Roots are found underground. They are negatively phototropic
and positively geotropic i.e. growing away from light and
towards the center of gravity. They absorb water and minerals
from the soil. They are not differentiated into nodes and
internodes. They are non-green. The root tip is protected
by root cap. Roots growing from the main root are called
lateral roots(meaning side roots). The lateral roots are
of two types secondary and tertiary roots.
The main root or primary root is formed from the radical
of the seed. It grows downwards into the soil. This type
of arrangement is tap root system. It is seen only in dicotyledonous
plants. While in monocot plants fibrous roots are seen.
They are equal in length and perform the equal function.
Adventitious roots develop from any other plant except the
radical like roots growing from the stem. In grasses both
adventitious and fibrous roots are present.
The tip region is protected by the root cap which consists
of dead cells. The region above the root cap consists of
highly meristematic region they divide and produce large
number of cells. The region above the meristematic is called
the region of maturation or growth region. This region also
stores food. It does not divide but elongates. From meristematic
new cells are formed which go to maturation region. The
region above maturation is called the region of differentiation.
They modify according to the specific function and position.
Adventitious roots are false roots while fibrous and taproots
are true roots.
Modification In Roots
To perform additional function roots are modified and are
called root modification.
Roots are modified for the storage of food
Conical roots they store food throughout
- e.g. carrot.
Napiform roots store on the tip - e.g.
Fusiform roots store food in their center
- e.g. radish.
Tuberous root is modified fibrous root.
Many single roots are modified to form several similar swollen
roots for the storage of food. They occur in a bunch e.g.
Nodulated roots are fibrous adventitious
roots. They resemble fibers. Some nodule like structures
are present on the root e.g. ginger.
Roots modified for mechanical support
Prop roots - from branches some adventitious
roots develop and give support to the branches. They are
called prop roots as they are pillar like in appearance.
They grow downward and finally reach the ground so they
provide additional support to the plant.
Stilt roots - roots develop from nodes
which are present near to the ground or basal nodes. They
also grow downward and provide additional support. e.g.
Climbing roots - in some weak stemmed plants
roots develop from nodes which are useful to climb on the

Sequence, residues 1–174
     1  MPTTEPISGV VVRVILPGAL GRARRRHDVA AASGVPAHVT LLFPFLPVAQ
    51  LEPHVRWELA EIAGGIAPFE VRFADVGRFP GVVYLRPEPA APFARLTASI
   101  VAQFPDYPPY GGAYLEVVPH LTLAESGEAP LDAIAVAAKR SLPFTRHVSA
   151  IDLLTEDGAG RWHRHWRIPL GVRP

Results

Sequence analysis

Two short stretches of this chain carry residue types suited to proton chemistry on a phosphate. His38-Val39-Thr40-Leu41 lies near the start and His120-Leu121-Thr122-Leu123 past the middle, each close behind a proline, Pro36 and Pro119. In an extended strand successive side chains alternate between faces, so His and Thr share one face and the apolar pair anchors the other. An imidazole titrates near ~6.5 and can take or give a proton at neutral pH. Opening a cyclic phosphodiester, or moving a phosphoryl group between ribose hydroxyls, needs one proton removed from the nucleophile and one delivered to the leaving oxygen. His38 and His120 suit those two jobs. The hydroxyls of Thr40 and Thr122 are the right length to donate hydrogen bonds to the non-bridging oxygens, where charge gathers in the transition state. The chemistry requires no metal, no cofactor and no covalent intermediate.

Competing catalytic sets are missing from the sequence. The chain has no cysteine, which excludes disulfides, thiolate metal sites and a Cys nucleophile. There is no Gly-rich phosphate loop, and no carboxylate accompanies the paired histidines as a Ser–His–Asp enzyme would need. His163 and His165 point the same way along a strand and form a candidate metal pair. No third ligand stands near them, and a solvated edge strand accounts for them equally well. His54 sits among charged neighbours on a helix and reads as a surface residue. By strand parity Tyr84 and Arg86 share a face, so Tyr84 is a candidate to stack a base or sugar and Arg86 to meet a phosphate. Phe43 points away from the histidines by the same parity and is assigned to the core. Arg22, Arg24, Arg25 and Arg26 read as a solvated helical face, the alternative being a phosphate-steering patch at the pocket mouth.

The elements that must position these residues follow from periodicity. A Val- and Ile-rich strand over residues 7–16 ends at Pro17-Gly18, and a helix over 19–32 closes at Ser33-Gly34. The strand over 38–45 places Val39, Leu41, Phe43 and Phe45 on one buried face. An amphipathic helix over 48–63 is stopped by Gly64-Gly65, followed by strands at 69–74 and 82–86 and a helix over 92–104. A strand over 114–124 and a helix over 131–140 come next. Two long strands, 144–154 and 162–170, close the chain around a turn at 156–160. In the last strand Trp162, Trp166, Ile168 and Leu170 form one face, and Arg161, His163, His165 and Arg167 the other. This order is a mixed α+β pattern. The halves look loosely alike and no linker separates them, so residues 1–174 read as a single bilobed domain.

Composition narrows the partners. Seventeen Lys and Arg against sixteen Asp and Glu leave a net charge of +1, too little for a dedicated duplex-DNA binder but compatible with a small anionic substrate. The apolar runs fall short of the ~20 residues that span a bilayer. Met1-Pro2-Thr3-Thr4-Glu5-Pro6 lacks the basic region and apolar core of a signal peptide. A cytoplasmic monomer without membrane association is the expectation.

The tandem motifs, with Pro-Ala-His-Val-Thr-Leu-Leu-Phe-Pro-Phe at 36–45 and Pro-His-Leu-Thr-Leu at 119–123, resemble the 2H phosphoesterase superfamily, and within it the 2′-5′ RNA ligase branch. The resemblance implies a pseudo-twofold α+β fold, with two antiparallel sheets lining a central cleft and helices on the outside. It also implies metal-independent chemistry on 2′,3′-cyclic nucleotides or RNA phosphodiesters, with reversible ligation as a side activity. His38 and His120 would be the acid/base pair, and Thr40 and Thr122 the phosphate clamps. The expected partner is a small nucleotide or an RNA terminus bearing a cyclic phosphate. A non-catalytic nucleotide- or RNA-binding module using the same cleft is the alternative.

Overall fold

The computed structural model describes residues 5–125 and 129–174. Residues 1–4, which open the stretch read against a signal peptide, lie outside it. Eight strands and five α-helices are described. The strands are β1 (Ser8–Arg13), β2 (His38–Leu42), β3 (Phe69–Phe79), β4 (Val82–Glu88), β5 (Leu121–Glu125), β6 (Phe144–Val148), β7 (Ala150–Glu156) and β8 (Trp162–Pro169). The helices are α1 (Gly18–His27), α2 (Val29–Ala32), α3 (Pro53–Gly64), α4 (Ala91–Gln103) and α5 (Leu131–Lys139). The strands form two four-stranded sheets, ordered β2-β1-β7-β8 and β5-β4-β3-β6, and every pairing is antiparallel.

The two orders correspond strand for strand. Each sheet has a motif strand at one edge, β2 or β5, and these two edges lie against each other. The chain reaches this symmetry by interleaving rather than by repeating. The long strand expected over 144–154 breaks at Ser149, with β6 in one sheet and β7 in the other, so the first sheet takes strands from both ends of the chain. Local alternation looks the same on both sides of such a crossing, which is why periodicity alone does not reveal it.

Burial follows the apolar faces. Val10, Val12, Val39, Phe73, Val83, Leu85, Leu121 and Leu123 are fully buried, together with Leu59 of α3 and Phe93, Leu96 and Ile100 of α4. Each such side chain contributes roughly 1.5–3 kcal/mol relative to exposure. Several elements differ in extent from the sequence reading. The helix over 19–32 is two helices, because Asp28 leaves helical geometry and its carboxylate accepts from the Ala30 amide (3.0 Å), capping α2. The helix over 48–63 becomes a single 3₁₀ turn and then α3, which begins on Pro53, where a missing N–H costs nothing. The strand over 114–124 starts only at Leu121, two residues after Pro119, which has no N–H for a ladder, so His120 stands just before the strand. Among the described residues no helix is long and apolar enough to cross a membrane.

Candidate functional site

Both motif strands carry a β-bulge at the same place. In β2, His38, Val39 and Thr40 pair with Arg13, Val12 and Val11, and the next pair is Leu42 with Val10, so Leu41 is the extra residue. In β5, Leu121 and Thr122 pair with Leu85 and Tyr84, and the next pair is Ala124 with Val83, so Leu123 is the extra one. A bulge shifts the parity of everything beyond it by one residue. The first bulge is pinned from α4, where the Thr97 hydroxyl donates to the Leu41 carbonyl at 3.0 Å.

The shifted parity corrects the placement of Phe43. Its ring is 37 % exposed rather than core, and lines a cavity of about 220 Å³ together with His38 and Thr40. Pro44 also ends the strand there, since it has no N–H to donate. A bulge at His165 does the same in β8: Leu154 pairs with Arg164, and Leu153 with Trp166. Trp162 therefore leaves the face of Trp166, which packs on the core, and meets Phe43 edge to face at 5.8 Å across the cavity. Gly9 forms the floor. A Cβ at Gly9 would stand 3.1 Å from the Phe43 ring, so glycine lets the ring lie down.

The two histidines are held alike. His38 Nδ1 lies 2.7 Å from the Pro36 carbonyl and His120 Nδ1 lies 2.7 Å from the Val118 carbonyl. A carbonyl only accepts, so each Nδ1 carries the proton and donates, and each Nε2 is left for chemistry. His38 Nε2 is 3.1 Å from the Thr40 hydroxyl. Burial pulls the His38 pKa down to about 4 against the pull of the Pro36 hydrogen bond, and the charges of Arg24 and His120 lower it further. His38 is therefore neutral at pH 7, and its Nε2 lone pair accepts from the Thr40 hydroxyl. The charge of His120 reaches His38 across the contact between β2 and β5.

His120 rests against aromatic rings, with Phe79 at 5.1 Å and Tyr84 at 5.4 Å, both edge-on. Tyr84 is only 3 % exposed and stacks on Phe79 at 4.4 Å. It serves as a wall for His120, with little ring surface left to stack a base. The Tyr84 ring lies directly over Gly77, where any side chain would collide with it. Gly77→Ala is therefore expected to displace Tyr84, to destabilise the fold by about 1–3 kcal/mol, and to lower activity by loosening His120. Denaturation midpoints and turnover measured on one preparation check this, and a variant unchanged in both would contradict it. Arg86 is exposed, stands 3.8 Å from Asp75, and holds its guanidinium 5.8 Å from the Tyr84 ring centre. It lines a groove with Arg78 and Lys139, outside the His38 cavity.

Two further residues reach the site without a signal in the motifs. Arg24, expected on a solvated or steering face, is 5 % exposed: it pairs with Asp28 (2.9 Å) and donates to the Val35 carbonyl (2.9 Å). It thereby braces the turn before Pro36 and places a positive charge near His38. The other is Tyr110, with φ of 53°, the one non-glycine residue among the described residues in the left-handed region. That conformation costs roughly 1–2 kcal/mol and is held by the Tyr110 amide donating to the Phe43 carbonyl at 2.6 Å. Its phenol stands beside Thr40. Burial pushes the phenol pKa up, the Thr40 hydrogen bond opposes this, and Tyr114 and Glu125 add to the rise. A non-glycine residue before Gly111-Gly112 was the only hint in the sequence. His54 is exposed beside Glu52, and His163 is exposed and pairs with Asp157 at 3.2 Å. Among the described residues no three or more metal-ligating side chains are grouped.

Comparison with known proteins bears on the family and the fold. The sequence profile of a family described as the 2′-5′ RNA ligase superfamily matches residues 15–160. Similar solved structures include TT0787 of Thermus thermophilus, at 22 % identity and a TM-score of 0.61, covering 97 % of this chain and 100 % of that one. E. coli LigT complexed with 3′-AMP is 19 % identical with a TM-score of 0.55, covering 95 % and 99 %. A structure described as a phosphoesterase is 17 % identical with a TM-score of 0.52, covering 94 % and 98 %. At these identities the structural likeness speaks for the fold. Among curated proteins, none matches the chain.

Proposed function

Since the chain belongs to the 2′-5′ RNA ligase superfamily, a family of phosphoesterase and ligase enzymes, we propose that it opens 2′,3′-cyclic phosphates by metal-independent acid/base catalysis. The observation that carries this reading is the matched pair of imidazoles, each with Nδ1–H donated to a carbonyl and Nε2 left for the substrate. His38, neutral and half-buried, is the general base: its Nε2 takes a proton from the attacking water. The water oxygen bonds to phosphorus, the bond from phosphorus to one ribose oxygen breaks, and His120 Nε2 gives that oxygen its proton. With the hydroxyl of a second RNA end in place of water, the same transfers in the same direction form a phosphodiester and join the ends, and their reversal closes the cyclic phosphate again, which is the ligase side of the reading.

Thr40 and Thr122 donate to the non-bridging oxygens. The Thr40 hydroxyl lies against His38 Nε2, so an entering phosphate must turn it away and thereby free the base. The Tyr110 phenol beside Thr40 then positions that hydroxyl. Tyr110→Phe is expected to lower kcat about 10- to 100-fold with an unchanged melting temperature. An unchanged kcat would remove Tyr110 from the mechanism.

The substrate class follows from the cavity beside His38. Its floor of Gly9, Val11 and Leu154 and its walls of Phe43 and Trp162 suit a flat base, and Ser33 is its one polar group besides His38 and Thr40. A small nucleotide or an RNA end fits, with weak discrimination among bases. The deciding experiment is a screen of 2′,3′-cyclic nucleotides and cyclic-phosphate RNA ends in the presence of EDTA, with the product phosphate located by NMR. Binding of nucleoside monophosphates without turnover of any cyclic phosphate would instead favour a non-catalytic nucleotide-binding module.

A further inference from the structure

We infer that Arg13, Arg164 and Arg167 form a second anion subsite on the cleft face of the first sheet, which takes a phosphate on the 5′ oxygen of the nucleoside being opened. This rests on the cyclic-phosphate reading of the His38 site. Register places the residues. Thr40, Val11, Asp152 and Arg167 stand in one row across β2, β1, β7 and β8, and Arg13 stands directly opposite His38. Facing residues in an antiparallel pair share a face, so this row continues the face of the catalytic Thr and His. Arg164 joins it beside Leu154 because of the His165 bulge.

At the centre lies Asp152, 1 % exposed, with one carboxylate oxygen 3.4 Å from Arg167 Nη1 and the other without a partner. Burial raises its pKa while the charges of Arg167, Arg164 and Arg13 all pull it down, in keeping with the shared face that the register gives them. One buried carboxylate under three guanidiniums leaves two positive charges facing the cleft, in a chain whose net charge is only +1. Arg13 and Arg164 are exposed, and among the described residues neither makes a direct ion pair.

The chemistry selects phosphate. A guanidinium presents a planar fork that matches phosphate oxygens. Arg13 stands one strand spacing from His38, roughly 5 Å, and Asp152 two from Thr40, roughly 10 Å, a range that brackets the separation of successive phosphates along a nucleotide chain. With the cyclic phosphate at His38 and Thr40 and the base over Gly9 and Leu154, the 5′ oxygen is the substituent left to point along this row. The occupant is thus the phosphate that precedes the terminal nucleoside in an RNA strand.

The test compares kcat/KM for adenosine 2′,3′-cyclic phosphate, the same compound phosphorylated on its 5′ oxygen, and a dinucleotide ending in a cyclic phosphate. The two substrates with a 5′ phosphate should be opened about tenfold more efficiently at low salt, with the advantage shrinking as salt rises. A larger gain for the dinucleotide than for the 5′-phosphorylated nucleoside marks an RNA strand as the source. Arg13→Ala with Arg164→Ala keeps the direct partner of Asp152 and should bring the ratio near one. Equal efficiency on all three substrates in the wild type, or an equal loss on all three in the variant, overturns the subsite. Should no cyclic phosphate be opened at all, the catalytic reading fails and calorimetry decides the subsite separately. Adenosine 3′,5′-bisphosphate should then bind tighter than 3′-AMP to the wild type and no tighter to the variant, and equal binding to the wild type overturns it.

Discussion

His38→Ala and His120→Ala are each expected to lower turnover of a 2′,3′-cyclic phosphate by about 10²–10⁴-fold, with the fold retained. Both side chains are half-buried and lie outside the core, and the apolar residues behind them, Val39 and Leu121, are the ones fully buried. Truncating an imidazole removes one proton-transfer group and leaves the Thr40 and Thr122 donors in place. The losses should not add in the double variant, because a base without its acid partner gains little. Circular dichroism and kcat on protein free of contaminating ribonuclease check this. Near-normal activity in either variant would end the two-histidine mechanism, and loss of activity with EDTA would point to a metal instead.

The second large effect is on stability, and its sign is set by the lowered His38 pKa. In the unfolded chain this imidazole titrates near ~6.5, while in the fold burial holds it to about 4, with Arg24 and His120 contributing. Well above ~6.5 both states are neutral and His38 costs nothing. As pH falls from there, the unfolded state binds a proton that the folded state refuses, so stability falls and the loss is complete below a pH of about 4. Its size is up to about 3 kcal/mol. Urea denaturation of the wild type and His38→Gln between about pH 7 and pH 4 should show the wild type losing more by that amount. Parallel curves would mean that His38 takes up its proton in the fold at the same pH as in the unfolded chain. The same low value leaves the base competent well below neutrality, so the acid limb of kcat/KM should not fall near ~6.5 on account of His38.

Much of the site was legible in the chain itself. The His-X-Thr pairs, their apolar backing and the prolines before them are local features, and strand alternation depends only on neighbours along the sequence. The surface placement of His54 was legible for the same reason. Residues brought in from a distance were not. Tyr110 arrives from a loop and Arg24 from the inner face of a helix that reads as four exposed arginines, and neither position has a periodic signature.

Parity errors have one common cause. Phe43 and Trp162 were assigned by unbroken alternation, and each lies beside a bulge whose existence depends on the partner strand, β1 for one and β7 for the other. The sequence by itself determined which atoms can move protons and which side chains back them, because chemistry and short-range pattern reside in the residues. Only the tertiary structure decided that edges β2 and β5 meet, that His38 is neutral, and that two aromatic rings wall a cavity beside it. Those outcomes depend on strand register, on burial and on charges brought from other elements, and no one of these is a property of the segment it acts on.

Contractile roots - in some underground
stems the roots develop which fix into the ground. They
will contract themselves and the stem will also grow downwards
Floating roots - in some aquatic plants
the roots will float on the surface of the water. With the
help the these roots the plants will also float on the surface
of water. They also help in exchange of gases.
Roots are modified for vital function.
Respiratory roots - these roots are found
in aquatic plants and plants which grow on marshy areas.
In aquatic plants floating roots are acting as respiratory
roots. In marshy area the roots are not getting sufficient
oxygen and hence they grow upwards from the ground. They
have openings called nuematophores which take in oxygen.
Nodulated roots - it has beeds like structures.
Here nutrition is the vital function performed. It contains
nitrates and nitrogen fixing bacteria. Rhizobium is the
bacteria present. Plants coming under the pulse group will
contain rhizobium(leguminous plants).
Changing the crop season after season is called crop rotation.
We are cultivating pulses to increase the nitrogen content
in the soil. In crop rotation pulses are put season after
season. Plants take minerals from the soil which are used
to synthesize its structural components. Plants need proteins
in the absence of nitrates. When plants are grown the soil
decreases in its mineral content. Therefore we need to use
fertilizers to increase the fertility of the soil and regain
its mineral content.
Epiphytic means no nutrition is taken
from the host. The host only provides support. In parasitic
plants nutrition is also taken. Epiphytic roots have only
physical contact. Epiphytic plants have two types of roots
i.e. assimilatory roots and epiphytic roots. Assimilatory
roots synthesize and store food while epiphytic roots fix
the plant. Velamen is the assimilatory root of vanda. So
vanda has both types of roots.
In parasitic plants food sucking roots
are also present called haustoria. They are called so as
they spoil the host plant.
In some plants roots are developed from the leaves and
from that point auxillary buds also originate. These buds
will detach to form separate plant. E.g. bryophyllum.
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